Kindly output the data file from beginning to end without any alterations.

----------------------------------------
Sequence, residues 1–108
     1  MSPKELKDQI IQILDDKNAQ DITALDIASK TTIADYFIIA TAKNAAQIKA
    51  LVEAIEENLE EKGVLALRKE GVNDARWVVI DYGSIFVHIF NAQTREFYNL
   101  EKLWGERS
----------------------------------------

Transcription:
Sequence, residues 1–108
     1  MSPKELKDQI IQILDDKNAQ DITALDIASK TTIADYFIIA TAKNAAQIKA
    51  LVEAIEENLE EKGVLALRKE GVNDARWVVI DYGSIFVHIF NAQTREFYNL
   101  EKLWGERS